• Around half of their songs, really, especially live.
  • Everything Is an Instrument: Not an instrument as such, but Duane achieved his signature slide guitar sound by placing one of his fingers inside an empty Coricidin pill bottle. Music shops sell glass replica bottles for aspiring guitarists who want to re-create the sound.
  • Fake-Out Fade-Out: A variant with their live material, in which songs could have false endings. The most infamous case is probably the At Fillmore East version of "Whipping Post", which has a couple of false endings, and even the actual end is just a lead-in to "Mountain Jam" (which didn't actually get released until Eat a Peach the next year).
  • Genre Mashup: Although they were primarily a blues rock band, they also had elements of jazz fusion, Latin jazz, progressive rock, country, and other styles in some of their songs.
  • Grand Finale: Their 2014 run of Beacon Shows. The band played several of their best songs for three nights, before coming on stage, taking a collective bow, and then returning to their instruments to play "Trouble No More," the first song they ever played
  • Gratuitous French: "Les Brers in A Minor". Dickey Betts confirms it's "bad French for 'less brothers'".
  • Improv: often considered rock's greatest improvisers of the time alongside the Grateful Dead.
  • Insistent Terminology: Although they were generally classified as a Southern Rock band, they themselves didn't care for the term, as they felt it was too associated with things like Rebel flags and reactionary politics, none of which any of the band members supported (they were in fact racially integrated at a time when that was still quite rare for rock bands, a fact which got them some unwanted attention in some of the more backwoods parts of the South). Gregg Allman also argued that the term was simply redundant, since the two musical genres that had the largest impacts on rock music, Blues and Country Music, were largely products of the American South to begin with. If asked, the band members tended to prefer the term Progressive Rock.
  • Instrumentals: Usually one or two per album, with "In Memory of Elizabeth Reed" or "Mountain Jam" the most famous. (Or perhaps "Jessica", now better known thanks to Top Gear.)
  • Jazz: John Coltrane and Miles Davis were two of Duane's biggest influences (reportedly Kind Of Blue was Duane's favourite album), and the band's lengthy improvisations (moreso Duane's guitar and Jaimoe's percussion) had strong jazz influences.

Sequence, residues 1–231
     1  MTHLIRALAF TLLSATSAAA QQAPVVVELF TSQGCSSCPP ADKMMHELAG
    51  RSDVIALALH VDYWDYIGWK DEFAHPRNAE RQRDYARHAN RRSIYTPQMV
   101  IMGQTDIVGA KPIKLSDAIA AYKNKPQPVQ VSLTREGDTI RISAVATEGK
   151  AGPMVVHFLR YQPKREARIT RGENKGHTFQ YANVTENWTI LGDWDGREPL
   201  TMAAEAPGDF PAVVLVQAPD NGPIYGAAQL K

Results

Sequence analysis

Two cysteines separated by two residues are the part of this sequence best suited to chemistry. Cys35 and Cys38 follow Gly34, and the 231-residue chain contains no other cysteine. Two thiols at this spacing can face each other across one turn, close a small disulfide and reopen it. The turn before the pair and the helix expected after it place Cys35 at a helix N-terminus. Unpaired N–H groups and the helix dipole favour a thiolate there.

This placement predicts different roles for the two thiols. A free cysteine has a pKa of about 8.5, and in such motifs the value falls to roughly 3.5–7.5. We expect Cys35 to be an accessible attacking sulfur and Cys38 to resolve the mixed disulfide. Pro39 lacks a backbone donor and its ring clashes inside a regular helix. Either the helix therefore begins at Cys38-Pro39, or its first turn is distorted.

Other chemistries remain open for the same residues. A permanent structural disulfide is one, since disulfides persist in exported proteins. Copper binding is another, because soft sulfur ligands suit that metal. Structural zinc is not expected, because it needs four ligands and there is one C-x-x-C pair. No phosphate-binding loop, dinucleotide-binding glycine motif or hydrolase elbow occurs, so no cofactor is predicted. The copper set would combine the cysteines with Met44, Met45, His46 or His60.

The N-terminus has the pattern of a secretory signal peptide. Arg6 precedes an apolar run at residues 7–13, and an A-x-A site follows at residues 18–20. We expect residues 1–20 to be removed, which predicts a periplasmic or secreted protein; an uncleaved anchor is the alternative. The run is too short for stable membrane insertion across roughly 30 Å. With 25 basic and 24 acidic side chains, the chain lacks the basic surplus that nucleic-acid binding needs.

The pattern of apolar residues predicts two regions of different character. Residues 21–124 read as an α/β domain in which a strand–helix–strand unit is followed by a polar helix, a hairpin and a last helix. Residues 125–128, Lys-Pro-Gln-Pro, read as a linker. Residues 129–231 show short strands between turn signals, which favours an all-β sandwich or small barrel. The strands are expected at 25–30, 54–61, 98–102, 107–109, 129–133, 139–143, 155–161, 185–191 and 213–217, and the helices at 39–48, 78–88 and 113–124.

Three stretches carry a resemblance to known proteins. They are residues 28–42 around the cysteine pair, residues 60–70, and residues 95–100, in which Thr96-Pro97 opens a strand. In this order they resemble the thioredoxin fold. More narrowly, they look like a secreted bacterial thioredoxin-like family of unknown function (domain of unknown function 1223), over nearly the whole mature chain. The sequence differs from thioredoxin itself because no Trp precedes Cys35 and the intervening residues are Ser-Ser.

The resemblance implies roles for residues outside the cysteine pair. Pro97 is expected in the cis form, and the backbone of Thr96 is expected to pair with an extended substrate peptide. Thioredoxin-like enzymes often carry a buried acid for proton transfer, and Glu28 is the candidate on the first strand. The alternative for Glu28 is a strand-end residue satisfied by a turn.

• Live Album: On top of the main releases, the band instituted an "Instant Live" gimmick in the early 2000s, recording every concert and making them available to those in attendance, effectively flooding the market with live material - right at the same time they started releasing older concerts featuring Duane as well. Their discography is a mess.
  • Long Runner: The band played for a total of 45 years, with the exceptions of inactivity from 1976-1978 and 1982-1989.
  • Looped Lyrics: "Revival". After an Epic Instrumental Opener and a single verse, the rest of the song is just repeated variations of "People can you feel it? Love is everywhere."
  • The Namesake: Current guitar player Derek Trucks was actually named after Derek and the Dominos.
  • New Sound Album: Brothers and Sisters. While their basic sound stayed the same, the adjustments they had to make after Duane's death led to some noticeable differences from their earlier work. Piano figured prominently in their musical mix for the first time courtesy new member Chuck Leavell. Dickey Betts took on a larger role as lead guitarist, songwriter, and singer. And there was some Genre Roulette as well, with the Country Music influenced "Ramblin' Man" and the Delta Blues styled "Pony Boy".
  • Progressive Rock: While they're not generally classified as a prog band, they can probably be considered prog-adjacent due to their lengthy instrumental sections and the complexity of their songs, not to mention their incorporation of substantial influences from genres outside rock's usual vocabulary (jazz, most notably). For what it's worth, the band members themselves described their music as progressive rock rather than Southern rock (the label most commonly associated with them, and one they didn't particularly care for).
  • The Real Heroes: The roadies are on the rear cover for "At Fillmore East" for this reason.
  • Reality Is Unrealistic: Much of their history reads like "What if William Faulkner wrote a novel about a rock band?" But some details are so wild they'd be slammed by critics for being way too contrived if they were part of a fictional story.
    • The band regularly hangs out in a cemetery. Within a few years two of their members would be buried there.
    • Berry Oakley dies in an almost identical motorcycle accident a little over a year after Duane Allman, just three blocks away.